The Joy of Not Reading
I recently started reading a novel that won the Booker prize. That none of the characters had proper names, instead being called “Oldest sister” or “Third brother-in-law,” immediately irritated me. I thumbed through, noting the exceptionally long paragraphs, often over two pages. I thought, Maybe I need to open my mind to appreciate the skill of this prize-winning author, only to realize I had lost focus partway through one of those droning paragraphs. Back on track I slowly deciphered the lines. Okay, I thought, this is okay. Then I asked myself: Will this be okay for the next three hundred pages?
And I put it down.
I’m learning to trust that what a book shows me at the beginning is what I’m signing onto for the rest of its pages. I used to think, Be patient, Allie, don’t be so judgmental, it might get better. When a book became a slog, I’d blame myself for my lack of attention. I just had to keep trying! What time I wasted on books who showed me who they were in the first twenty pages, yet I kept turning to the next hoping for something different.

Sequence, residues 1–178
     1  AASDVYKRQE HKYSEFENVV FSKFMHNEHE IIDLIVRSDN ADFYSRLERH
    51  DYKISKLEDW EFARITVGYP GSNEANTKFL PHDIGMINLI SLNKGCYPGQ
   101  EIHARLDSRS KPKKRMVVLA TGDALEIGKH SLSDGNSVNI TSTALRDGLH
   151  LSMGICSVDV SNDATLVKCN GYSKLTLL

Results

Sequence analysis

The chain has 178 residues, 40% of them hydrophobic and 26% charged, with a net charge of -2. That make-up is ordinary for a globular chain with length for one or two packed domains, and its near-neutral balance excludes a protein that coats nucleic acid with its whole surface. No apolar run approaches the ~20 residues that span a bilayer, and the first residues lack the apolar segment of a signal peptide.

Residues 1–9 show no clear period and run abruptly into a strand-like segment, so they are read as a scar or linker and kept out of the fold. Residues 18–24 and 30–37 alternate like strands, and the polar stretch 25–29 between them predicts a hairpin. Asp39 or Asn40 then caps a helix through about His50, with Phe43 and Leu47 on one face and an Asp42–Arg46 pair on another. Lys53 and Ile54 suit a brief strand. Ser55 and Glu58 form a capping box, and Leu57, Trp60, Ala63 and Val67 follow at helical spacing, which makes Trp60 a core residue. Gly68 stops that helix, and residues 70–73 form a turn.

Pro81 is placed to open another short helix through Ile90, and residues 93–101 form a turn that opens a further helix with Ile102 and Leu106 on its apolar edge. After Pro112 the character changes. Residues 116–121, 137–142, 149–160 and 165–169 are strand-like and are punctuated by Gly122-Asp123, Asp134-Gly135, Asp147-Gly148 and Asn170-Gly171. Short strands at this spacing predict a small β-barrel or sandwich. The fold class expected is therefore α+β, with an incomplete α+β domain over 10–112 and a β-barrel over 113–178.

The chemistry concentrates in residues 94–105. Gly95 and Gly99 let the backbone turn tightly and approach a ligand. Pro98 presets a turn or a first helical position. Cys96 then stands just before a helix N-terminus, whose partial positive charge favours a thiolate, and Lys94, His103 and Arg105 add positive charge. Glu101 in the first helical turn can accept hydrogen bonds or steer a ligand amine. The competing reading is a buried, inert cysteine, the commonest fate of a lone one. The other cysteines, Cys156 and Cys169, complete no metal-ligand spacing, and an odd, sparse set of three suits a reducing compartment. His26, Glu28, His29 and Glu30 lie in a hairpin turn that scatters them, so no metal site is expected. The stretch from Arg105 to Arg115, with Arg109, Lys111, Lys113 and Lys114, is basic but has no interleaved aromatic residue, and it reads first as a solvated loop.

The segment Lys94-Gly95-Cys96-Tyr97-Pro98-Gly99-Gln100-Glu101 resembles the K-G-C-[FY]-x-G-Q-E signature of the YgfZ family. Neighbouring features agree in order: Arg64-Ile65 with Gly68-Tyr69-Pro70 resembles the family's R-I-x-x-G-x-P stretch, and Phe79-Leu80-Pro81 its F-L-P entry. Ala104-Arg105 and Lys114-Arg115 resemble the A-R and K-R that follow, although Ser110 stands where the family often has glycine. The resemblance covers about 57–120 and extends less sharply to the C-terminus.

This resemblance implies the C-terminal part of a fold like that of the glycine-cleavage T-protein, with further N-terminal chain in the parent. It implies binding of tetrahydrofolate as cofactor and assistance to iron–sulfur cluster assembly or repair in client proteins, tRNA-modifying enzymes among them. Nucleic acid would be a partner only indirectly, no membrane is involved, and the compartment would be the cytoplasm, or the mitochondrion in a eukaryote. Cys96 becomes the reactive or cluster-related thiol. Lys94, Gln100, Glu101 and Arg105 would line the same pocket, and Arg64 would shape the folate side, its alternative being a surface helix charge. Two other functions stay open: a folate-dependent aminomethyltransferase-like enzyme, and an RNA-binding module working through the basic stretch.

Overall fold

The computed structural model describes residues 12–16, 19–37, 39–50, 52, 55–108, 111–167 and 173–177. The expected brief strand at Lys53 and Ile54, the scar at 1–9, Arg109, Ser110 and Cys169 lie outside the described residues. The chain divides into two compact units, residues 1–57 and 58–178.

Now I know that I don’t have to. If I don’t like a book, I can stop reading it.
A book is not a person. As I experience it over time, it is not thinking, learning, evolving. Once in my hands, it is not capable of change. It makes no promises to do better or try harder or break a bad habit.
Similarly, a book is not a pet. If I ignore it or neglect it or give it away, I will not cause the book to suffer
I’ve come to realize that while I may read to learn, ultimately I read for the fun of it. I’m not a grad student stuck studying obscure texts that few people know or care about. This blog is no PhD thesis. I read books and write about them for pleasure, and as soon as there’s no joy in it, count me out.
In life we inevitably must do things that we don’t want to do. Let reading not be one of them. Read the books you want to keep reading, and leave the rest behind.